With an epic scope and keen sense of detail, Steven Pressfield has created an entertaining and vital reimagining of the Amazon legend with his historical novel, Last of the Amazons
. Combining myth with history, Pressfield offers a conjectural account of the legendary female warrior tribe as it may have existed in the years leading up to its extinction. Following the Athenian-Amazon war in the fifth century B.C., Amazon warrior Selene is taken captive and placed as an unlikely governess to the two daughters of a high-ranking Greek. The three form a lasting bond, and when Selene eventually escapes to return to Amazonia, eldest daughter Europa follows her. The Athenians, including King Theseus, assemble a group to find them, eventually traveling to Amazonia. Here, those involved relate the story of the Amazon war to the men, and the book's action really begins. Narrators tell of Theseus's earlier voyage to Amazonia, where his weakened crew was given shelter by the Amazons; the love affair between Theseus and Amazon queen Antiope; and the terrible consequences of the queen's defection and the Amazonian invasion of Athens that it inspired.
Throughout, Pressfield instills Amazons with a grandiose sensibility, firmly modeling it after the Homeric epics of its time. Pressfield relishes in describing these events and their heroes with a divinely consequential spirit:
Clearly no few of the foe took her for a goddess, with such splendor did her armor gleam and by such brilliance did her aspect exceed the common measure of humanity. The hour was still early, the west-facing slope deep in shadow, so that the Amazon, seen from the besiegers lines, advanced from gloom into flares of blinding dazzle.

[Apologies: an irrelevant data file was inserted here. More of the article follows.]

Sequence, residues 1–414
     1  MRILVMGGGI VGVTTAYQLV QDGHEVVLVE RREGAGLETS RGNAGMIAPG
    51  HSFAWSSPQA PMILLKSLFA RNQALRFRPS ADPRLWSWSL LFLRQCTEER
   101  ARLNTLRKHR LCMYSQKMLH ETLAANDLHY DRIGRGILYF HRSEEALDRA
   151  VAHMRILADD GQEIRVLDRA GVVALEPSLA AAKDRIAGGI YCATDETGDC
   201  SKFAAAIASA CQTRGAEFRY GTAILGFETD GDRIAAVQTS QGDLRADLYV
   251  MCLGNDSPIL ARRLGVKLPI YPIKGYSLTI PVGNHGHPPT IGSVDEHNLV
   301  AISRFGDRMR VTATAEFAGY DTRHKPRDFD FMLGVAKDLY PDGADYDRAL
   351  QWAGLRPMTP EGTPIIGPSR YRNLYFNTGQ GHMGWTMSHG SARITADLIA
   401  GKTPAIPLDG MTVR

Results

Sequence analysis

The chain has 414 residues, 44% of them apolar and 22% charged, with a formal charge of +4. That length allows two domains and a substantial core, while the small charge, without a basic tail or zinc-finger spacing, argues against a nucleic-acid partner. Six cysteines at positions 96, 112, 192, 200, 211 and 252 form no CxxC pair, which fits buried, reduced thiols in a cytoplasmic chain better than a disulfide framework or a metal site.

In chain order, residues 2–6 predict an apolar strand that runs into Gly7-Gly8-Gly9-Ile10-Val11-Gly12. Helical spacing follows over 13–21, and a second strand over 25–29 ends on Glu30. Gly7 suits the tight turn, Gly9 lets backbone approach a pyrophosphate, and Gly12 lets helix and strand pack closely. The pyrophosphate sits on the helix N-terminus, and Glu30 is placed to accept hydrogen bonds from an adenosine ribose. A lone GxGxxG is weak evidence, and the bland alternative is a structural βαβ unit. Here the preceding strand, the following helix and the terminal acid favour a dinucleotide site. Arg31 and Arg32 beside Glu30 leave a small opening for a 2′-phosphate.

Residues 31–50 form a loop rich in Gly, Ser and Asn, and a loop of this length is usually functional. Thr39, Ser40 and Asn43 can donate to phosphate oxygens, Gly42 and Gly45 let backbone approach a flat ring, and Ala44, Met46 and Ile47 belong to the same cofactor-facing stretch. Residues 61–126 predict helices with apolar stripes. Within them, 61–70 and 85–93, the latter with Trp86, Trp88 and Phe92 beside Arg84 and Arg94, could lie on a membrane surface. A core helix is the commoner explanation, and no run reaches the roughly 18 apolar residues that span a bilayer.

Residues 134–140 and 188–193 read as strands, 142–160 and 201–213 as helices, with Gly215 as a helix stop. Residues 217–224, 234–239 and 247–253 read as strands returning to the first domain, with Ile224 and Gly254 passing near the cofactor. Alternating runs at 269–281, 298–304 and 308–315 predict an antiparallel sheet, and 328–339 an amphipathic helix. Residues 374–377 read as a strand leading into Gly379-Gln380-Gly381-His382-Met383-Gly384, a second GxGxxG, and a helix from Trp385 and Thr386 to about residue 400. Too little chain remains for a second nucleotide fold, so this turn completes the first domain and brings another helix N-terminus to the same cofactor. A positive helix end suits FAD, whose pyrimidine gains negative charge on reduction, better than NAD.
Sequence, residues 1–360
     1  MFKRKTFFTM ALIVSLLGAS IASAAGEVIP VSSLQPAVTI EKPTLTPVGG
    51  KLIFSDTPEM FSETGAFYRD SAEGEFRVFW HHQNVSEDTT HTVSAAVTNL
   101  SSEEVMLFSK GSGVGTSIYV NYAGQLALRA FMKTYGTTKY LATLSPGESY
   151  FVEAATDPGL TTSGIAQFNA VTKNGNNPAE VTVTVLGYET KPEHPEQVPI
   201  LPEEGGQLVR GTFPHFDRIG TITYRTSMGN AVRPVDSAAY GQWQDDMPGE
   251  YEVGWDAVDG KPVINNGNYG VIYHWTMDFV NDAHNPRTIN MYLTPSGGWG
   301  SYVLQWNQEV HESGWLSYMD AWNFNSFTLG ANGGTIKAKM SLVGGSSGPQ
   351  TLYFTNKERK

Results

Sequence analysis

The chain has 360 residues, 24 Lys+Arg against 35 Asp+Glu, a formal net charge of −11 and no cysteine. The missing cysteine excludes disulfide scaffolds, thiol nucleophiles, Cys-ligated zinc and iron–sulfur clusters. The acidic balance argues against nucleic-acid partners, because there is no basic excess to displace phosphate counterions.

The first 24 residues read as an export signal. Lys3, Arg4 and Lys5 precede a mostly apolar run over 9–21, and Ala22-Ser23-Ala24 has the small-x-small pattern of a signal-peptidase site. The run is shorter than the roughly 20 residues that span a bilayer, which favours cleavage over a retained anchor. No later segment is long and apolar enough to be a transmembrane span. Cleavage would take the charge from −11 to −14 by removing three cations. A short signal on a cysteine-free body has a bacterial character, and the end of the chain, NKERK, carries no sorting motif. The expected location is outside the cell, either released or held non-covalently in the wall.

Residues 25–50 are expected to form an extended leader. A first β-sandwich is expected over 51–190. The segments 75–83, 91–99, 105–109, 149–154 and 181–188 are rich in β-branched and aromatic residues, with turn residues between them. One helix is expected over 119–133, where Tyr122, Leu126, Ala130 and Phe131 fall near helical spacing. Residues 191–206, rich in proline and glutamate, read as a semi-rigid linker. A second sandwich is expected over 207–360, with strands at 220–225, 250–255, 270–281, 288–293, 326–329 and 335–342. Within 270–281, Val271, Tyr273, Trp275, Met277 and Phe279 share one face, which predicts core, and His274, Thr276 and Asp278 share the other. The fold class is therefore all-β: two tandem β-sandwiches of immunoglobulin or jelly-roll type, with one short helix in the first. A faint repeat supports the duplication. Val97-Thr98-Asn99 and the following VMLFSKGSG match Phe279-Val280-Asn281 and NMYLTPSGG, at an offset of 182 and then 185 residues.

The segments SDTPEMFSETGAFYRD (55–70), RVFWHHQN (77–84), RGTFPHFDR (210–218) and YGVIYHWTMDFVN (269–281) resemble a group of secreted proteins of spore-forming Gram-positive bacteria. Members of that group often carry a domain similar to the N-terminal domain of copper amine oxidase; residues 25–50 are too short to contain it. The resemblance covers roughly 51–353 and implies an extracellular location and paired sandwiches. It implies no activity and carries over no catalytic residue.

Some clumsy dialogue and clichéd interactions hamper the books emotional resonance, but the level of intricacy and constant action on display here keep the pages moving along. Amazon is ultimately an impressive, fun read that renders history spectacular in its speculation. --Ross Doll
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From Publishers Weekly
Writing about ancient Greece with rich historical detail, passion and drama, Pressfield has previously dramatized the battle of Thermopylae (Gates of Fire) and the Peloponnesian War (Tides of War). Here, he steps further back in time, to 1250 B.C., when the civilized Greek city-state of Athens confronts the barbaric empire of the Amazons in a titanic struggle for survival. The novel does not pack the emotional punch of Pressfield's other Greek fiction, but it still rings with the clamor and horror of close combat, sword on shield, battle-ax on helmet and javelins thudding into armor. The Amazon kingdom, peopled and ruled by a ferocious society of female warriors, occupies land near the Black Sea. The Amazon war queen, Antiope, leads an army of female warriors feared for their savage cruelty and hatred of the Greeks. When Theseus, the Greek king of Athens, journeys into Amazon territory, he and Antiope spar verbally, but fall in love, creating a dilemma for both. Antiope forswears her allegiance to the Amazon life and flees with Theseus back to Athens to become his wife. Antiope's successor, her Amazon lover, Eleuthera, vows to wipe out Athens to erase the shame and treachery of Antiope and Theseus's marriage. She leads a mighty invasion of Greece, culminating in a long siege and a climactic battle before Athens's great walls. Amid the carnage, gore and violence, Pressfield presents a love story so grand it pits nations against one another. Pressfield's javelin is his pen and he wields it well in this gruesome tale of ancient blood lust in an age when there is no word for mercy.
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